5 7, 9, 23, 25, 28, 30 and 22 should be reverse-coded before summing the 24 items. Scale examples of each dimension are as follows: Interaction engagement: I enjoy acting with people from different cultures. Respect for cultural differences: I think people from different cultures are narrow-minded. Interaction confidence: I am pretty sure of myself in interacting with people from different cultures. Interaction enjoyment: I often get discouraged when I am with people from different cultures. Interaction attentiveness: I am very observant when interacting with people from different cultures. Since ISS is also broadly used in different cultural settings (Fritz, Molfgang, and Chen, 2001), it is translated into many language versions. The Chinese version ISS scale translated by Peng (2006) who used it to measure the responses of 382 Chinese subjects in a survey. The reliability analysis showed an overall Cronbach alpha of.799 on all 24 measures. Factors affecting intercultural sensitivity Staffon (2003) conducted an exploratory study to measure the level of intercultural sensitivity of 336 high school students attending an international school. Results showed the length of time that a student had attended an international school was found to have a statistically significant relationship with the students level of Intercultural Sensitivity. Peng s (2006) study found that English proficiency affects intercultural sensitivity in certain ways. In addition, intercultural experience had significant effects on the dimensionality of intercultural sensitivity (Peng, Rangsipaht, and Thaipakdee, 2005). The experience of studying abroad significantly improved the level of intercultural sensitivity (Anderson, Lauton, Rexeisen, and Hubbard, 2006). Moreover, a preparation program or curriculum can help students progress in their intercultural sensitivity (VanHook, 2004). Kelly (1963) even argues that a person can witness an event, such as participating in an overseas study program,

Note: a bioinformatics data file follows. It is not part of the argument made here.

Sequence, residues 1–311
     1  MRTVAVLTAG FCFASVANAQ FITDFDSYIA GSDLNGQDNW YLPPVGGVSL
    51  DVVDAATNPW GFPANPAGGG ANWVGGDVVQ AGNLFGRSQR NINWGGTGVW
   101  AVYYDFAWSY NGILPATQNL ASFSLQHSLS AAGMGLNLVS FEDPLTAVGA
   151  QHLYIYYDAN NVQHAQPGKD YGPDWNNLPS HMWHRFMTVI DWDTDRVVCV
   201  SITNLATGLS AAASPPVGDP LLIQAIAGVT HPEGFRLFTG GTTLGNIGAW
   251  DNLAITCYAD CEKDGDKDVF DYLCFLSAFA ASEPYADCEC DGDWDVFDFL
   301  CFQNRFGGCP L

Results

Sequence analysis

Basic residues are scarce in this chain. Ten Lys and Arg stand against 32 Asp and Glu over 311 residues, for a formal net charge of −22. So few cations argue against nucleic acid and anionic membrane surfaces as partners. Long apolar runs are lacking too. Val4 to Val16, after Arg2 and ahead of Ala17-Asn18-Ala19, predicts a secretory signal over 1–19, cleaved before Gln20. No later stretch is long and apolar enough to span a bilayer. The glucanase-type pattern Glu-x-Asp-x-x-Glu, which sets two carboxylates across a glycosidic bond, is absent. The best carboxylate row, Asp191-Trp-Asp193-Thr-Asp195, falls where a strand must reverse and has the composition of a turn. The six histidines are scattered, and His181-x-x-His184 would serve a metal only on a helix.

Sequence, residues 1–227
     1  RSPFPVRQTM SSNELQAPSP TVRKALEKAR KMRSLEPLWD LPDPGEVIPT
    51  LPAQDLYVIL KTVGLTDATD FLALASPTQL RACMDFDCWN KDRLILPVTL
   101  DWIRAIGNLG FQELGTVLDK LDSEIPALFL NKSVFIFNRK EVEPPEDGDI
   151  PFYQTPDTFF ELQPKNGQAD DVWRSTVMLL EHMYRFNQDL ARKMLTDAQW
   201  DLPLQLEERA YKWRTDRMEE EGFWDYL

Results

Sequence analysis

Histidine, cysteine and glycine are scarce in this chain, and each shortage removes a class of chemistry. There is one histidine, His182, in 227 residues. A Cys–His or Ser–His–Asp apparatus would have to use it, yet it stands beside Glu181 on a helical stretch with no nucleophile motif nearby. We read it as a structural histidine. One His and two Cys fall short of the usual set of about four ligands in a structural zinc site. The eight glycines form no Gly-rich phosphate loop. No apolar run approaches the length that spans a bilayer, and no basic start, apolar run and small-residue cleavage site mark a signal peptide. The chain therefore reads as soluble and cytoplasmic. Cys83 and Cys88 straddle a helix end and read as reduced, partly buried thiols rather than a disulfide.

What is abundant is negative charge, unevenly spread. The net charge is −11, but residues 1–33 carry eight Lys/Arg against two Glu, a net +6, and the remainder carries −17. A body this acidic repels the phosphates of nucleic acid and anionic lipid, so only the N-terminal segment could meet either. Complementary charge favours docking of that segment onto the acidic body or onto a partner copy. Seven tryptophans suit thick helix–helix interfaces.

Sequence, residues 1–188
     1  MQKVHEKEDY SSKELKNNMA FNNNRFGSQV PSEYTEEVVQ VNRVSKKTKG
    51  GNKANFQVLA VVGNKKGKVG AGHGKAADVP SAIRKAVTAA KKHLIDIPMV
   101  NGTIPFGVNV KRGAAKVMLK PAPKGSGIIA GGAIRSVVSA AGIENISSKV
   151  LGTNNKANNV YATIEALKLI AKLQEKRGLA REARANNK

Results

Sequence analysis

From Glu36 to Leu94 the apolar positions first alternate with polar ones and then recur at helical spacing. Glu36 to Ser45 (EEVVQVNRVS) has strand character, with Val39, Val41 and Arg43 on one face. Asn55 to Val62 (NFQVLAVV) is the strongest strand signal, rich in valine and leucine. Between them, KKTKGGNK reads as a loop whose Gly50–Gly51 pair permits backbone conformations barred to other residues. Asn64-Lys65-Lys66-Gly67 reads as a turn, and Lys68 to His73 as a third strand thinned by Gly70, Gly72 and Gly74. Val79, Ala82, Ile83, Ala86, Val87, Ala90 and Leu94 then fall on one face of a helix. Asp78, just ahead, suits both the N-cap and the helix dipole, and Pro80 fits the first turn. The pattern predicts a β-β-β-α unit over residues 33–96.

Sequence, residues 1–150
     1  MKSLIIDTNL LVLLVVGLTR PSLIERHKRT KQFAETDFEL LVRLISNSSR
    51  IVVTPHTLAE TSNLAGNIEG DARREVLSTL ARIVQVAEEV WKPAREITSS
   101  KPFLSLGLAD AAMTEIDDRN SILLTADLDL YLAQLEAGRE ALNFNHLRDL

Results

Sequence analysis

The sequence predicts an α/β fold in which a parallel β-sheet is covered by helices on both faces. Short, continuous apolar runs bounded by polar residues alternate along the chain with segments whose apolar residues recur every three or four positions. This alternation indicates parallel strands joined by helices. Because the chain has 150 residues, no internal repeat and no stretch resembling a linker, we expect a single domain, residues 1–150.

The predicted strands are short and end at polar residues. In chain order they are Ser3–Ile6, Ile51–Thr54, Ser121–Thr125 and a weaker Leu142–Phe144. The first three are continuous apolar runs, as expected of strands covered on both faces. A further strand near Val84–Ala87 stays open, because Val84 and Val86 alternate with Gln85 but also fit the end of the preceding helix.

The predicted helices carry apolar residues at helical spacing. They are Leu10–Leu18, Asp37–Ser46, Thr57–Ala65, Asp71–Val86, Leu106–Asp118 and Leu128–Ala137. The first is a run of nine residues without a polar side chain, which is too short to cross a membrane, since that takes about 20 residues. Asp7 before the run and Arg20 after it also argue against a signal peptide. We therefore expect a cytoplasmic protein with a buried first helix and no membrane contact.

6 without ever experiencing the culture to enhance his intercultural sensitivity. In summary, factors such as language proficiency (foreign or English language), experiences of interacting with foreign cultures, and culture education affect a high level of intercultural sensitivity. Based on the above statement, both the IDI and ISS are valid, culture-free and effective instruments to assess people s intercultural sensitivity and situate people s status on the stages of acculturation. However, users are required to take training workshops before using the IDI whereas ISS is easier to retrieve, by using the internet. Therefore, the researcher used ISS as the instrument in this study. Method The intercultural sensitivity of 85 non-english major students from a private college of technology in the east of Taiwan was investigated, using the Intercultural Sensitivity Scale (Cronbach s α = 0.88) developed by G. M. Chen and Starosta (2000). Based on a survey of 85 participants from the nursing department and the department of Healthcare Administration, this study focused on five dimensions of the intercultural sensitivity and the participants demographic factors affecting their performance on intercultural sensitivity. Demographic variables such as English proficiency, experiences of study abroad, etc were added in front of the ISS in order to find out the differences between groups and the possible factors affecting students intercultural sensitivity. A five-point Likert scale was used to respond to each item: 5 = strongly agree, 4 = agree, 3 = uncertain, 2 = disagree, and I = strongly disagree. Participants completed the 24-item version of ISS at the end of the semester. Higher scores of this measure are suggestive of being more interculturally sensitive. Data collected were computed by SPSS/PC 12.0 for Windows. Results and discussion In this study, the Cronbach alpha reliability coefficient of this scale was From the